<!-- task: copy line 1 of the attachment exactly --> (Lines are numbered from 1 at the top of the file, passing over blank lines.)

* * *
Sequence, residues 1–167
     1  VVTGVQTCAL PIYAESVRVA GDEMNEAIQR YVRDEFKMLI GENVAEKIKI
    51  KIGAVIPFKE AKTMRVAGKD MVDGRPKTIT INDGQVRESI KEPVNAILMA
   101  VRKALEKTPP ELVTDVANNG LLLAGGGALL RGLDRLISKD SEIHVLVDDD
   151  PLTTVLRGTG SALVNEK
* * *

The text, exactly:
Sequence, residues 1–167